Windows – How to use Cmd’s tab autocomplete effectively

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I've used the Bash shell on Linux for years and I'm very fast with it. By frequently appealing for autocomplete by hitting the tab key, I'm able to write long commands in few keystrokes.

Recently at my job I've started using the Windows Command Prompt and Cmd. I'm very slow in Cmd. It has an autocomplete feature, but it works differently. I think I understand how it works, but I don't understand how to use it effectively, in fact it often slows me down. So I ask, how to use how to use Cmd's autocomplete effectively?


Let me give an example. First I'll describe how I use Bash, then how I try to use Cmd, and what goes wrong.

Suppose the folders in the current directory have names made from a continent and a country, eg. africa-nigeria, asia-india, europe-france, and that I want to change folder to europe-norway.

The way Bash's autocomplete works is that the tab key expands only if there is a unique expansion. Otherwise, nothing happens, but you can press tab a second time to list possible expansions.

So to move to Norway in Bash, I type cd and then make the following keystrokes:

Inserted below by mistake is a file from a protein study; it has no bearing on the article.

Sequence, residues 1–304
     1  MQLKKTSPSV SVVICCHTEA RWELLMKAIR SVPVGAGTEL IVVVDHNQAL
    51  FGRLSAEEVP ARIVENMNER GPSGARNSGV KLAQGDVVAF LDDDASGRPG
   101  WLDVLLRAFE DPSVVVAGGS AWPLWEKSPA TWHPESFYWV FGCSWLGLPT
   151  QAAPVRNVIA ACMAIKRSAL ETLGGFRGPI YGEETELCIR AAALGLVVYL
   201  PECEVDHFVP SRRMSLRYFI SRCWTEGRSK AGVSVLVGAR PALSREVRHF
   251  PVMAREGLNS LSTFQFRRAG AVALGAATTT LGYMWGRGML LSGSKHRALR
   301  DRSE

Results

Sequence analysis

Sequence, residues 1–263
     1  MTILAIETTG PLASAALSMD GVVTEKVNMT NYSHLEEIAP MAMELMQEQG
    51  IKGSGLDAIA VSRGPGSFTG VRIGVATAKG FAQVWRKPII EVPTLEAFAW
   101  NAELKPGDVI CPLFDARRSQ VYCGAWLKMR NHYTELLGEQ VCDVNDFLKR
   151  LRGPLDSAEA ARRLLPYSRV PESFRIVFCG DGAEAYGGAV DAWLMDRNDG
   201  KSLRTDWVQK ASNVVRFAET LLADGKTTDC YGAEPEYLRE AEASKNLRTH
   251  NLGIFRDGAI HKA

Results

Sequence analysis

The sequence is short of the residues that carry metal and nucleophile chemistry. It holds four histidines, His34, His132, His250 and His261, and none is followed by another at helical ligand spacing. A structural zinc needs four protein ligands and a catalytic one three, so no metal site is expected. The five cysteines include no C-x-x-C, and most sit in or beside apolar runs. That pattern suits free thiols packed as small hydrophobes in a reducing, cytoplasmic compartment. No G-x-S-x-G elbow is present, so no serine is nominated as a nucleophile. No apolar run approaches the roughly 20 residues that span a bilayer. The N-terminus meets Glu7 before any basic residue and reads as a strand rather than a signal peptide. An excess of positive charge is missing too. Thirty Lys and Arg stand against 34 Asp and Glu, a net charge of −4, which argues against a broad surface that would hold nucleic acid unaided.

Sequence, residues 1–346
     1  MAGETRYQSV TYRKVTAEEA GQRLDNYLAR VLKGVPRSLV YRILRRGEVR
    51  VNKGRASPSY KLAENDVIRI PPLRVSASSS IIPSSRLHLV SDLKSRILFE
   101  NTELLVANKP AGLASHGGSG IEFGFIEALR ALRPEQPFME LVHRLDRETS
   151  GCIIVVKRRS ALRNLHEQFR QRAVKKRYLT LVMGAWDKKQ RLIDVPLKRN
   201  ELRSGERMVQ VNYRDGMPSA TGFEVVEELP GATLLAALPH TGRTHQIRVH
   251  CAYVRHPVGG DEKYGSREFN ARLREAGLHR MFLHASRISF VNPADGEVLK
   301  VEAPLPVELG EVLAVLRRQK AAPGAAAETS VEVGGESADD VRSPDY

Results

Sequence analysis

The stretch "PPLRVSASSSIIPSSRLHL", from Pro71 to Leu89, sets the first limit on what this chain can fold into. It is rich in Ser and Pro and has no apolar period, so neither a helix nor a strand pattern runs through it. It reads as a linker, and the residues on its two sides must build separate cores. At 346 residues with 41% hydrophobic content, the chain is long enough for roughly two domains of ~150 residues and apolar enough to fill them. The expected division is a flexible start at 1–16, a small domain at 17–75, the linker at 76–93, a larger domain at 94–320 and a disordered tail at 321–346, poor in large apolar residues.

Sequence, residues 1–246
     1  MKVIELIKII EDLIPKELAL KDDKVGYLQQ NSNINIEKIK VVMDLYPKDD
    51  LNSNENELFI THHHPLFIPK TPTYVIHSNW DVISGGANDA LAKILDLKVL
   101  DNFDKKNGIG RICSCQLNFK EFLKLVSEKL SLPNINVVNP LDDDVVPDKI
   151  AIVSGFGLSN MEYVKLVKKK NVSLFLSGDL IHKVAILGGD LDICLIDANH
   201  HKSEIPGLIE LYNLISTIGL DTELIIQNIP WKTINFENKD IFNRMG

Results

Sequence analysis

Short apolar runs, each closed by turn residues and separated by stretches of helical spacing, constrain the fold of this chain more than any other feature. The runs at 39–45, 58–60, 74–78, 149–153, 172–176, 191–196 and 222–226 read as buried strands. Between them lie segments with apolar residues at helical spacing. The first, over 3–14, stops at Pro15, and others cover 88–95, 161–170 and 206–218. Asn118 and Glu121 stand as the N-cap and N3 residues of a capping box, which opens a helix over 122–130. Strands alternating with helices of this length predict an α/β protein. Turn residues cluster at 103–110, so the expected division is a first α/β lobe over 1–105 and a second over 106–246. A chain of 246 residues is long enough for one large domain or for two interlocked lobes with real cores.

1. e tab for europe-
  2. n tab (nothing happens)
  3. tab again. It lists europe-netherlands and europe-norway as potential expansions.
  4. o tab for europe-norway.

Great! Thanks Bash.

However, when I try the same keys in Cmd, it expands e tab to europe-albania, which happens to be the first folder beginning 'e', but isn't the folder I wanted! What should I do now—is it possible to make Albania into Norway? Or must I cancel the command with Escape and type everything from scratch?

Best Answer

1 year update: I came to the conclusion that Cmd's autocomplete is unusable, and stopped using it.

I installed Clink which gives you Bash-style autocompletion in Cmd.

Clink combines the native Windows shell cmd.exe with the powerful command line editing features of the GNU Readline library, which provides rich completion, history, and line-editing capabilities

It's brilliant.